Instant Replay: Pistons 114, Sixers 104

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Instant Replay: Pistons 114, Sixers 104

BOX SCORE

The Sixers knew their previous two games in which they suffered lopsided losses were not a true indication of the way they want to and usually do play.

They opened Friday’s matchup against Detroit with a 36-point first quarter and proceeded to keep coming at Detroit with speed and a mentality focused on getting in the paint.

The mentality stayed, but the shot-making disappeared.

The Sixers ended up suffering a 114-104 loss to drop their record to 12-24 on the season. The Pistons (15-22) snapped a six-game skid with the victory.

James Anderson returned to the starting lineup for the first time since Nov. 29. He traded places with Hollis Thompson.

Tony Wroten returned to the rotation after missing the last two games with flu-like symptoms and a migraine headache.

Lavoy Allen was sidelined for the first time this season because of a calf injury.

Turning point
Brandon Jennings made a three-pointer with 3:17 to play to give the Pistons their biggest lead of the game at 105-98.

The Pistons average 6.1 made threes per game. Jennings’ three-pointer was their 11th of the game against the Sixers.

Follow the leader
Michael Carter-Williams was coming off a career-high 33 points in the Sixers’ blowout loss to the Cavs on Tuesday.

Carter-Williams made seven of his first 10 shots before finishing 9 of 20 for 21 points.

Thaddeus Young led the Sixers with 22 points. Spencer Hawes had his 12th double-double of the season with 16 points and 10 rebounds.

Josh Smith led the Pistons with 22 points. He also grabbed 13 rebounds, had seven assists, five blocks and four steals.

Andre Drummond finished with 11 points and 12 rebounds compared to his 31 and 19 in the first meeting between the two teams this season. Drummond also had six blocks on Friday.

Jennings contributed 19 points and six assists.

Stat-egic
The Pistons came into Friday night’s game the No. 1 offensive rebounding team in the NBA at 14.4 per game. They had 62 total rebounds against the Sixers, including a season-high 25 at the offensive end.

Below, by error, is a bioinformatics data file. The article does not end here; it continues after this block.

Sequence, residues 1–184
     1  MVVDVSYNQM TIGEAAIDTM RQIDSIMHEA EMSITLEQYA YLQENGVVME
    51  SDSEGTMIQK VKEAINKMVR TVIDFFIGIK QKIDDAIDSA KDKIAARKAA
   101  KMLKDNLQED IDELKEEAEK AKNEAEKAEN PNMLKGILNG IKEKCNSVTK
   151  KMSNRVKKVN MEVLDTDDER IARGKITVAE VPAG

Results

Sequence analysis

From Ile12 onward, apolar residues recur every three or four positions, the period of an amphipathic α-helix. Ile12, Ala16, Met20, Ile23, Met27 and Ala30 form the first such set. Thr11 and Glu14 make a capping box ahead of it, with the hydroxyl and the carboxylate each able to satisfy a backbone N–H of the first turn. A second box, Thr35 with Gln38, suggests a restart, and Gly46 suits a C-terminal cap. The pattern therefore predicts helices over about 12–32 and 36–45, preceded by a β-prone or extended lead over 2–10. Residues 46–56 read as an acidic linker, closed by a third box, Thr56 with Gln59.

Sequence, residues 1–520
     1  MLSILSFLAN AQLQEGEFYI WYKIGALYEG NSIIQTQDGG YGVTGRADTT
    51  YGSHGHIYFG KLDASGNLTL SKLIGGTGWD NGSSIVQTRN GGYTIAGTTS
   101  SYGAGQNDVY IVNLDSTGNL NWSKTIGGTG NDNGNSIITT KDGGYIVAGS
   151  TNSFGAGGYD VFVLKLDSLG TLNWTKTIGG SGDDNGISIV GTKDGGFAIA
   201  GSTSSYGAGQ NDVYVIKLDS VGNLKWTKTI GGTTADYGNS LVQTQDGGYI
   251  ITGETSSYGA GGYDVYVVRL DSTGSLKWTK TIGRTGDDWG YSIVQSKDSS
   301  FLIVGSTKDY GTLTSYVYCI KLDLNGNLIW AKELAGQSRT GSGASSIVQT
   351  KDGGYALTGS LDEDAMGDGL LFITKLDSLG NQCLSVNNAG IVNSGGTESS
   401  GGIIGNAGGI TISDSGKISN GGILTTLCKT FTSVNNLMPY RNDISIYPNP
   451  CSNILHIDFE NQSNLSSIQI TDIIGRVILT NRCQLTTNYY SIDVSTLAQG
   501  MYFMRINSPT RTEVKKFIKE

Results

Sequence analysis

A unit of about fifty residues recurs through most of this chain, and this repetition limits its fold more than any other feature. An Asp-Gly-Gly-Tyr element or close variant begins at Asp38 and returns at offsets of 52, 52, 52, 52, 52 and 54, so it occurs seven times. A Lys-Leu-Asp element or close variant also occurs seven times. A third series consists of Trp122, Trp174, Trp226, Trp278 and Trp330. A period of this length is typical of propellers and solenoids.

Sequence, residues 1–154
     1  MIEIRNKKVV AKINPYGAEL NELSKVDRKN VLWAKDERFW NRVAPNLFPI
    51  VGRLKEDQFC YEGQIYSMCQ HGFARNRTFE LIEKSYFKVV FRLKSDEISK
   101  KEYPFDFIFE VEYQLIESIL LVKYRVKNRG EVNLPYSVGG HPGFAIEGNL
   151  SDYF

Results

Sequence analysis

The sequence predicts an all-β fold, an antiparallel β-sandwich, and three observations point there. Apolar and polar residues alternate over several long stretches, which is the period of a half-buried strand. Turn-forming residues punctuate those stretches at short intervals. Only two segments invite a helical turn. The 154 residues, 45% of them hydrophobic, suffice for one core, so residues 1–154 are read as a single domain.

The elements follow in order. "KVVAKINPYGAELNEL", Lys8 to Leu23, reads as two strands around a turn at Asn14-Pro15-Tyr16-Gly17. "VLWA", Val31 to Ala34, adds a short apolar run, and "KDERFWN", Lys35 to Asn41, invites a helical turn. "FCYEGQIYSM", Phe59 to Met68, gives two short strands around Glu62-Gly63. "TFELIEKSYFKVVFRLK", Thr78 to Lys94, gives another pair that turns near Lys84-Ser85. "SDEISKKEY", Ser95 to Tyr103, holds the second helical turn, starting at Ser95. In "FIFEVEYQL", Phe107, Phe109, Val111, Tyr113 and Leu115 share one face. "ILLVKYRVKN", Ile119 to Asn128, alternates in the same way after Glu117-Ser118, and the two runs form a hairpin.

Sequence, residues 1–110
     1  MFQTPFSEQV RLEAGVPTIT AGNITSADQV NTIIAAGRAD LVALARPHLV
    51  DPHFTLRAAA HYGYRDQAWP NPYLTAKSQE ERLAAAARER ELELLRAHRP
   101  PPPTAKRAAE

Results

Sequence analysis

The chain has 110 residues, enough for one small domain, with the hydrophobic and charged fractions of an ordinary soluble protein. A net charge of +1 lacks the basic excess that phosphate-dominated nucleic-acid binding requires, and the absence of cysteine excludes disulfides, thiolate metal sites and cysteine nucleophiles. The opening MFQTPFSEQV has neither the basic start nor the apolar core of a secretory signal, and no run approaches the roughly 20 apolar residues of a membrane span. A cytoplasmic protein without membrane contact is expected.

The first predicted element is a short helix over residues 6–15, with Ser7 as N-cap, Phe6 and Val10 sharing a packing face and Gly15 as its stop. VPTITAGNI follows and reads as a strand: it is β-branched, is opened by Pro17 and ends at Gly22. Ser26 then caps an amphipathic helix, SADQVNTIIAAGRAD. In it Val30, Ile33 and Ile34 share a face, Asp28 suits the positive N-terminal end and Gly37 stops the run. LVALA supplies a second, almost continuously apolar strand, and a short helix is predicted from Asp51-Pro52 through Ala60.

The Sixers had 42 rebounds as a team.

Take a bow
Detroit buckled down defensively in the second half. After allowing the Sixers to shoot 54.2 percent in the first half, the Pistons held Brett Brown’s squad to 15 of 47 (31.9 percent) in the final two quarters.

The Sixers had nine turnovers through three quarters before giving the ball away seven times in the final frame.

What’s next?
Don’t look now but the once-struggling New York Knicks come to town on a three-game winning streak for Saturday night’s game.

Knicks center Tyson Chandler will miss the game with an upper-respiratory illness.

It remains to be seen if J.R Smith will be back in the New York rotation. Smith was benched during the Knicks’ win over the Miami Heat on Thursday after the league fined last season’s Sixth Man of the Year $50,000 for attempting to untie a second opponent’s sneaker prior to a free throw.

Smith is averaging 11.3 points per game this season, down from last year’s career high of 18.1.

Elton Brand on national anthem protests: Sixers working with NBA, having 'discussions internally'

Elton Brand on national anthem protests: Sixers working with NBA, having 'discussions internally'

CAMDEN, N.J. — Pockets of NBA players have increasingly started to speak up about what they believe to be racial and social injustices taking place in the United States.

With San Francisco 49ers quarterback Colin Kaepernick's decision to kneel during the national anthem sparking protests from other players around the NFL and various sports, now the NBA as a whole is preparing for potential protests prior to games.

NBA commissioner Adam Silver and National Basketball Players Association union executive director Michele Roberts came together last week to formulate a joint letter to players to express how the two sides plan to take "meaningful action."

Whatever that action is, Sixers veteran Elton Brand is all for it and the overall discussion of issues going on around the country.

"There are e-mails and direct texts from the NBPA. We’re working with the NBA. They’re going to talk to us soon,” Brand said. “My thing is if you want to stand up for something, that’s a good thing. Especially in America, the tensions and the injustices that are going on right now. 

“Even in our locker room we’re discussing who feels like this, who feels like what and ways that we can display how we feel about things. I’m all for it. I stand behind it and stand with other athletes and people that want to stand for a cause. Whatever their cause is, they want to stand for a cause. Our cause may be different.”

The NBA is significantly more diverse than the NFL, and Brand even admitted it’s been an eye-opening experience having talks about issues affecting African Americans inside a locker room with players from around the globe.